The US versions of Midnight To Midnight (LP, cassette, and CD) did not include the song "Pretty In Pink".
The UK versions of Midnight To Midnight (LP, cassette, and CD) did include the song "Pretty In Pink". The album gives credits of "Recorded by Charles Harrowell, Produced by Chris Kimsey, Mixed by Chris Kimsey". This version uses the basic tracks of the soundtrack version, but overdubs a whole lot of guitar and is a much denser mix than the soundtrack version.
The UK 45 from 1986 is an edit of the UK Midnight To Midnight LP version. Same credits of "Recorded by Charles Harrowell, Produced by Chris Kimsey, Mixed by Chris Kimsey".
So there are three different mixes out there:
1981 - Produced by Steve Lillywhite
1986 worldwide Pretty In Pink soundtrack and 1986 US 45 versions - Produced by The Psychedelic Furs and Charles Harrowell
1986 UK Midnight To Midnight LP and 1986 UK 45 versions - Recorded by Charles Harrowell, Produced by Chris Kimsey, Mixed by Chris Kimsey
Coming out on September 16 https://www.cherryred.co.uk/product/stacey-q-better-than-heaven-2cd-edition/
Yes it's on the boxset CD 1, Track 12, 'We Connect (Vocal/Dance Radio Edit) 3:45'.
The forthcoming Cherry Red Swing Out Sister box set includes a 7" version of Surrender as well as the LP version on It's Better To Travel. Does anyone know how they differ from each other? A UK 45 on YouTube seems to fade slightly earlier, but that surely can't be enough to justify a distinction between the 2?
I've always thought the LP version was the single mix. Both 3.54, both sound the same to my ears. I suppose there could be subtle extra bits on the 7" mix which aren't obvious?
It's a different mix. The drums are drier on the LP version, the 7" has more reverb and sounds larger.
It is fairly subtle and not exactly a huge difference. It becomes a bit more obvious under headphones when doing a direct A-B comparison. The 7" sounds more open and expansive while the album version sounds slightly more constricted.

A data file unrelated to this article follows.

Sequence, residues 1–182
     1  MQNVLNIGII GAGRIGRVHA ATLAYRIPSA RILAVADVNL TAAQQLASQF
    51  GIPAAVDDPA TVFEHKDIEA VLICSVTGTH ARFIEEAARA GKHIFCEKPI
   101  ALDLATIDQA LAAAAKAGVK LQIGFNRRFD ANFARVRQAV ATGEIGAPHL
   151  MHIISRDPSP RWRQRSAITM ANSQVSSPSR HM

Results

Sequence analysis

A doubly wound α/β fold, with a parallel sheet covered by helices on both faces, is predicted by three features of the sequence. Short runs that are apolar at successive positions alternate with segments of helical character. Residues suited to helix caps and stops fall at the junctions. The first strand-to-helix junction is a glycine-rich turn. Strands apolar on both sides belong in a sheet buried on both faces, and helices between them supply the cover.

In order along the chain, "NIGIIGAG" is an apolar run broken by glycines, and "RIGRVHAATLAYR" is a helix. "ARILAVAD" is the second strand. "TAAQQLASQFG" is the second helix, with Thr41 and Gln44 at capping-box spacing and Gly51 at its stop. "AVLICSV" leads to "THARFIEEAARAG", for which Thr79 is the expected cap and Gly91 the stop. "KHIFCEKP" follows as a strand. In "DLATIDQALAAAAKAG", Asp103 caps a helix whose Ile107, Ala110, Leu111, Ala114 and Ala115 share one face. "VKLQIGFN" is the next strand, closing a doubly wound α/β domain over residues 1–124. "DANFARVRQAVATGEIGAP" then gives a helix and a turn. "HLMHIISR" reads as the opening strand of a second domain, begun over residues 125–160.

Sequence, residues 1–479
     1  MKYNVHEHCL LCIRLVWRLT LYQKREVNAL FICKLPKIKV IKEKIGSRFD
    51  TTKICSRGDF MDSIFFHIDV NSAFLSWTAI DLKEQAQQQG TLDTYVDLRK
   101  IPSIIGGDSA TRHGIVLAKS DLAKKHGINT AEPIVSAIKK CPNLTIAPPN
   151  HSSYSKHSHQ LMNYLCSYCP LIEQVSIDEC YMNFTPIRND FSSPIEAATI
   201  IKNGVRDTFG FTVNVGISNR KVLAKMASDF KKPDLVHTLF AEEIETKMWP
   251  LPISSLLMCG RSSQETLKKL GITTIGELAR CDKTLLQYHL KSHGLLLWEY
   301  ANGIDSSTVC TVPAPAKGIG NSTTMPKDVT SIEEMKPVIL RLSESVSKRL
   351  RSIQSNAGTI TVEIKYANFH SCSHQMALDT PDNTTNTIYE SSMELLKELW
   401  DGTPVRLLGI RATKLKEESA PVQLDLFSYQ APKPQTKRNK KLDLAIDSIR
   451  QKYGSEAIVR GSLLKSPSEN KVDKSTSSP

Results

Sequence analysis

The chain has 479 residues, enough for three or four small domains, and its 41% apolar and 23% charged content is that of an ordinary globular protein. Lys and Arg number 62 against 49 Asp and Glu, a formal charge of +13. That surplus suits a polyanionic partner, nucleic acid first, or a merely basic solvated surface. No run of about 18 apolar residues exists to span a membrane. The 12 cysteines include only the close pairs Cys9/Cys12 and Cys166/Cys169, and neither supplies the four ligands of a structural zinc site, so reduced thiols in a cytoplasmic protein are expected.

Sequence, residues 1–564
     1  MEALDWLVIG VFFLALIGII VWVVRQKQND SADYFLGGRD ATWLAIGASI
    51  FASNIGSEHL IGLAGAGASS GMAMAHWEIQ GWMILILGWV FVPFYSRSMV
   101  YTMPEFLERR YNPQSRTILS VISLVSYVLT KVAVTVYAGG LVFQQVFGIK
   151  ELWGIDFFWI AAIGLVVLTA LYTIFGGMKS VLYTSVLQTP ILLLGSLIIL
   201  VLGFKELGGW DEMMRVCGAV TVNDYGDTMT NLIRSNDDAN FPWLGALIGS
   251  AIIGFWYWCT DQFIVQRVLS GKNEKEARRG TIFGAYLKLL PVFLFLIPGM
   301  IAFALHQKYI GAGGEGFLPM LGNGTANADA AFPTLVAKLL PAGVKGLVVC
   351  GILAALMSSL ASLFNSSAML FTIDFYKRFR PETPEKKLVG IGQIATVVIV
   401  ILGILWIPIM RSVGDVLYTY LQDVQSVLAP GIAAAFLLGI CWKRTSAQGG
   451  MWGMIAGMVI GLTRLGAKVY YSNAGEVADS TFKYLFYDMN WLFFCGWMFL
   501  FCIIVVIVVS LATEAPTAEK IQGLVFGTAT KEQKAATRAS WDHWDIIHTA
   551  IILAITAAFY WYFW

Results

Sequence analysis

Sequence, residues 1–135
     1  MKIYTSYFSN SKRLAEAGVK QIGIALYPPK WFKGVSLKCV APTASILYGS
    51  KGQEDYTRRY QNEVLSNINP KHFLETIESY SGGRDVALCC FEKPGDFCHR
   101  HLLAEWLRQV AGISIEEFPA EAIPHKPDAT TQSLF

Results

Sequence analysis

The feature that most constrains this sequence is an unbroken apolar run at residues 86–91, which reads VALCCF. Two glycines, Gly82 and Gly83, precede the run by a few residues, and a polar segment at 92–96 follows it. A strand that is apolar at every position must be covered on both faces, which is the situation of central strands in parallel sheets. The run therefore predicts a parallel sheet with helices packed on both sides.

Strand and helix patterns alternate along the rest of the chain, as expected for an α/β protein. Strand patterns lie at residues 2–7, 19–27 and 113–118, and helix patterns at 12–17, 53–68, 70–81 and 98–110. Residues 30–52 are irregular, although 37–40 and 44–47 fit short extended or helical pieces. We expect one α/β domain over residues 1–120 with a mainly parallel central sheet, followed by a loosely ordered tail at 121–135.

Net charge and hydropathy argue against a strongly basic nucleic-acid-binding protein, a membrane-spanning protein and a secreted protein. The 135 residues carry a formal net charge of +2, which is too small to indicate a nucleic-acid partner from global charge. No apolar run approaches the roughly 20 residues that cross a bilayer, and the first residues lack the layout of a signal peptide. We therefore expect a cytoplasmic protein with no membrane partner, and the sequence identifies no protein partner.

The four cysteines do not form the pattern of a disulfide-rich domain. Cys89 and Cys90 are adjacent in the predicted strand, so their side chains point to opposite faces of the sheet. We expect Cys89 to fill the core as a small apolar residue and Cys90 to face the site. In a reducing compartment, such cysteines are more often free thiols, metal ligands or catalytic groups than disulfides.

It's funny you should say this because I stanned the single like nobody's business yet never quite got that feel when playing the album. I just assumed by then - 6 months later - I was maybe a bit over it.
According to Wikipedia the 7" version of Surrender is on this cd.
That Discogs entry specifically states 2 tracks are 7" versions, but Surrender isn't one of them.
Can anyone say for certain if that CD does contain the 7" version, or can confirm any other CDs which do have the correct single version?
I have Surrender on this compilation - it's West German and has other single mixes (Queen, Genesis, The Bangles). I can't tell for certain though
I know this is primarily for 80s stuff but are there any fairly recent / decently available compilations that feature the Radio Remix of Michelle Branch’s “Goodbye To You”?
For the 45 genius' out there - what is the easy way of identifying the January 1982 reissue of EMI/ver League's re-issue of 'Being Boiled' please? The version on Now Yearbook Extra 82 is 3'50 with a cold ending.
The single version was the "Fast" version (I used to think this referred to the tempo!) - the 3.50 should be correct. I have that, plus a 3.56 "Fast" version as well.
(No doubt my tagging will be shown up to be crap).
I've never been entirely sure about Being Boiled, but my understanding is that the complete "Fast" version ends cold and is 3.50, whereas the 45 single version fades at the end to play around 3.37.
Thank you both, goes off to look for the fade….
My vinyl copy fades out and runs for 3:40.
Here are a few rare single edits on cd that I have discovered over the past few months.
Talking Heads Once In a Lifetime (3:28)
Bryan Adams Somebody (3:59)
Swing Out Sister Surrender (3:53)
Level 42 Children Say (4:08)
Toto I Won't Hold You Back (4:33)
Separate names with a comma.